He indicated that Yerevan will wait for no more than several months for an unconditional normalization of Turkish-Armenian relations, which is envisaged by the two protocols signed in 2009.
“The Turkish side has to understand that these protocols are not an open-ended opportunity,” Sarkisian told an annual meeting in Yerevan of Armenian ambassadors and other senior diplomats.
“Many of our [foreign] friends advised us to wait until the [June] parliamentary elections in Turkey,” he said. “So in the next several months we will see whether there has been a change of approaches in Turkey after those elections. But frankly speaking, the past two months have not given us grounds for optimism.”
“On the basis of those observations, we will also decide our further steps regarding the protocols,” he warned.
Sarkisian already threatened to withdraw Yerevan’s signature from the protocols in January. He said that the Turks “destroyed” the Western-backed rapprochement between the two historical foes with their Karabakh linkage.
Foreign Ministers Eduard Nalbandian of Armenia (L) and Ahmet Davutoglu of Turkey sign landmark agreements to normalize Turkish-Armenian relations in Zurich.
Shortly after the signing of the protocols in Zurich attended by top diplomats from the United States, Europe and Russia, Ankara made clear that the Turkish parliament will not ratify them without decisive progress in the Karabakh peace process. Azerbaijan welcomed this condition.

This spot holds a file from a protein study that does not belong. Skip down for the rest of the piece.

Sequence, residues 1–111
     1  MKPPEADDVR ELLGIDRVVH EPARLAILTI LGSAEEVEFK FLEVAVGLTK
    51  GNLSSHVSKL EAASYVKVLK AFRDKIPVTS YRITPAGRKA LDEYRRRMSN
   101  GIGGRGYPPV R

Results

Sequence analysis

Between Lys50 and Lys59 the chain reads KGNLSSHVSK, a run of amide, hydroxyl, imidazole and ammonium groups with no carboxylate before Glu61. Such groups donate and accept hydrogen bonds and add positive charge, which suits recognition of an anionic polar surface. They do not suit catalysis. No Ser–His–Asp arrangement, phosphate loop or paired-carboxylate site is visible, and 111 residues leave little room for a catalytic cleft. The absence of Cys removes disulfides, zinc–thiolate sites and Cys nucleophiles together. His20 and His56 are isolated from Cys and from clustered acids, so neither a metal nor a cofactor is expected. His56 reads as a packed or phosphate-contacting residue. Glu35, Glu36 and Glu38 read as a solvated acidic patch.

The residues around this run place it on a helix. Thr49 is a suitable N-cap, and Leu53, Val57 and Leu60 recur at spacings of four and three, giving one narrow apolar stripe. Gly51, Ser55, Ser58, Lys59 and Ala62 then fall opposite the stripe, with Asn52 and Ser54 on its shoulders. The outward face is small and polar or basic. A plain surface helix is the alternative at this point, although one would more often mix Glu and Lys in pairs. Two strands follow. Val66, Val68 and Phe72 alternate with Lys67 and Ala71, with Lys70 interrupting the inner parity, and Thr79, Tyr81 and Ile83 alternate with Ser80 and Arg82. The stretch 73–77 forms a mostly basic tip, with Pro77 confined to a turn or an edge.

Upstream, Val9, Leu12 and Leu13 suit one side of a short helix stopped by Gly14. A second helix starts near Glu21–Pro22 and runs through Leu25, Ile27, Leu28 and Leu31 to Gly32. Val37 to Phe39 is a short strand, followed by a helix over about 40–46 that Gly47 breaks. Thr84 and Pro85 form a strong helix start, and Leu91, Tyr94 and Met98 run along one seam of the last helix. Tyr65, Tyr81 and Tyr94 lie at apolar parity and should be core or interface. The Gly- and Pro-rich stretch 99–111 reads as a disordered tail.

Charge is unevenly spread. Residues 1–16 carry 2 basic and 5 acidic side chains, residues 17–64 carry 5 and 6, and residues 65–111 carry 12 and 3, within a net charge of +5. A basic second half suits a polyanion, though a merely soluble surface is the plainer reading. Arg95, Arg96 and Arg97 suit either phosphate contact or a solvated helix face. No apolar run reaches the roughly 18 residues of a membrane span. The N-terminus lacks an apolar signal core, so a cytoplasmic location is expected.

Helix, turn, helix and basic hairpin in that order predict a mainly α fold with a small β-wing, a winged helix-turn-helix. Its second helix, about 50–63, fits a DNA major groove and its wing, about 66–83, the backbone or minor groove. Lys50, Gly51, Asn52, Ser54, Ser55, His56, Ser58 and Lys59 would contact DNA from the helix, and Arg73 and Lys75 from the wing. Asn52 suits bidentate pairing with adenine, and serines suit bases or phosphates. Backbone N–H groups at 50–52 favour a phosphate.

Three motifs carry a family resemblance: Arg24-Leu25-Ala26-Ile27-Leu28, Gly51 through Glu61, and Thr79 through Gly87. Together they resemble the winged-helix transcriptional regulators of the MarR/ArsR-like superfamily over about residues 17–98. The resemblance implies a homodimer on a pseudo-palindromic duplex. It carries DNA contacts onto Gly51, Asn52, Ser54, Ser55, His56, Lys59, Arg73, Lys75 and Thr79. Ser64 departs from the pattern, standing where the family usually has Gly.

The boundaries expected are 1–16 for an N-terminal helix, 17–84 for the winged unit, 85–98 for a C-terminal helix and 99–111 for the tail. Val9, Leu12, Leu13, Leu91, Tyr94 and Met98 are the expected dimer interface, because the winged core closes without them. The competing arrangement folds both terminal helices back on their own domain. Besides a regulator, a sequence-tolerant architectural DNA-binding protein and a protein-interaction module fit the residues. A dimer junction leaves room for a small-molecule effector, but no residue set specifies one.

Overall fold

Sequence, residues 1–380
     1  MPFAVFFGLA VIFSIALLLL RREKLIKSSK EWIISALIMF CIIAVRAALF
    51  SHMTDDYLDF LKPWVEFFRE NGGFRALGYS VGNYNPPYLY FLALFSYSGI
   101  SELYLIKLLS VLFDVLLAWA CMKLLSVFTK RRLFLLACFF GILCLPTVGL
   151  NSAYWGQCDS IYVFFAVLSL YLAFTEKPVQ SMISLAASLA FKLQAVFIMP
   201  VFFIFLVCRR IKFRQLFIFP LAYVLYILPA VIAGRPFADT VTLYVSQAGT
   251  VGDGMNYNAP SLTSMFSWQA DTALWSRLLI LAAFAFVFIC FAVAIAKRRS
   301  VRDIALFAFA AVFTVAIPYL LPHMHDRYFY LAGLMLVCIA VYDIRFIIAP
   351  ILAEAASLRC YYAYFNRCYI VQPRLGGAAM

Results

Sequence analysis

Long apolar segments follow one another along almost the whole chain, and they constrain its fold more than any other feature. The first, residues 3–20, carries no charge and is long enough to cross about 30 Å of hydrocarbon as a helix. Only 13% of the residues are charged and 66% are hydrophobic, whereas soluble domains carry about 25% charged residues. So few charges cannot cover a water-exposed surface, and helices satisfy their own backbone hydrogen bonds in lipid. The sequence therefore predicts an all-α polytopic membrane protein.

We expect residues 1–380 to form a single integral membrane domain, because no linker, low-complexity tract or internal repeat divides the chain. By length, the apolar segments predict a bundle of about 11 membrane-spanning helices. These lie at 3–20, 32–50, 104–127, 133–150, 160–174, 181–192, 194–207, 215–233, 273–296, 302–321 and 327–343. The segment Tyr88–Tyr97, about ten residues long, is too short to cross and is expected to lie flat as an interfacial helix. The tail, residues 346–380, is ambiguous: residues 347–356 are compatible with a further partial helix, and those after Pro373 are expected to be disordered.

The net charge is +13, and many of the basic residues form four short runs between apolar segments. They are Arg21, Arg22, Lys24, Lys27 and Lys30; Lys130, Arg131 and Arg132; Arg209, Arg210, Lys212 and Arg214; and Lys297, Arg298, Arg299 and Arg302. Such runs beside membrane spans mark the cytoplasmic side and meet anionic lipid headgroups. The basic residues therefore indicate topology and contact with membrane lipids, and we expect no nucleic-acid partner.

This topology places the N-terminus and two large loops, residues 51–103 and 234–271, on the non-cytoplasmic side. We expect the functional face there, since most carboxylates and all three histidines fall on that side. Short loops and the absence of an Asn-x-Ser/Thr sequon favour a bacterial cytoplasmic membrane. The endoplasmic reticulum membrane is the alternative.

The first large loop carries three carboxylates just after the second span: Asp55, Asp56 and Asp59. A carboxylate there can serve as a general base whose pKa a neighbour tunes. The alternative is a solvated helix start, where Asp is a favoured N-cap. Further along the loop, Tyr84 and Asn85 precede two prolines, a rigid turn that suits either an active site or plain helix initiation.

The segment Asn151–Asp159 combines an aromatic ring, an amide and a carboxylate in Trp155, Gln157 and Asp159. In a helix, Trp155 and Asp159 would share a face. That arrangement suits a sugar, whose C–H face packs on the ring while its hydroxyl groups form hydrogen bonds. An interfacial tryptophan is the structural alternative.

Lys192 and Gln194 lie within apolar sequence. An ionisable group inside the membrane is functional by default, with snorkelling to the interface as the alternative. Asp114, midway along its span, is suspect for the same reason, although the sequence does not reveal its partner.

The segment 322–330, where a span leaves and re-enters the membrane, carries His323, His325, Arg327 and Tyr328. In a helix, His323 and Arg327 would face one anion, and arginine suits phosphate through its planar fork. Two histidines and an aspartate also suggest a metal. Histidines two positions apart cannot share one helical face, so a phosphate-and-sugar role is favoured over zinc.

Sarkisian responded by freezing the process of protocol ratification by Armenia’s parliament in April 2010. In a televised address to the nation, he said he decided not to scrap the agreements altogether at the request of the United States and other foreign powers.
U.S. Secretary of State Hillary Clinton praised this stance as “very statesmanlike” when she visited Yerevan in July 2010. Clinton reportedly pressed the Turkish government to unconditionally comply with the protocols during a visit to Istanbul last month.
However, Prime Minister Recep Tayyip Erdogan and other Turkish leaders have continued to state that Turkey will not establish diplomatic relations and open its border with Armenia until a Karabakh settlement acceptable to Azerbaijan.
Tensions between the two neighboring states rose further later in July after Ankara accused Sarkisian of voicing Armenian territorial claims to Turkey. Erdogan publicly demanded that the Armenian leader apologize for the “provocation.” Officials in Yerevan rejected the accusations.
Sarkisian insisted on Tuesday that despite the lack of tangible results, he does not regret embarking on a policy of rapprochement with Turkey shortly after taking office in April 2008. “I think that those present in this audience understand that that initiative has boosted Armenia’s international standing and dispelled our partners’ illusions about a new and contemporary Turkey,” he said.
Sarkisian has been accused by critics in Armenia and its worldwide Diaspora of making too many concessions to the Turks in the normalization process and gaining little in return. One of them, the Armenian Revolutionary Federation party, quit his coalition government in protest in 2009.